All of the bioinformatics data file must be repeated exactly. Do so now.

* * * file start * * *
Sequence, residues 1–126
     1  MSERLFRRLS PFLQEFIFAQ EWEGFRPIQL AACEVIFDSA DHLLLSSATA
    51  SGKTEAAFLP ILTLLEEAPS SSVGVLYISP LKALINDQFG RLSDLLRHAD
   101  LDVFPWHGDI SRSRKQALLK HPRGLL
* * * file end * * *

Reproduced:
Sequence, residues 1–126
     1  MSERLFRRLS PFLQEFIFAQ EWEGFRPIQL AACEVIFDSA DHLLLSSATA
    51  SGKTEAAFLP ILTLLEEAPS SSVGVLYISP LKALINDQFG RLSDLLRHAD
   101  LDVFPWHGDI SRSRKQALLK HPRGLL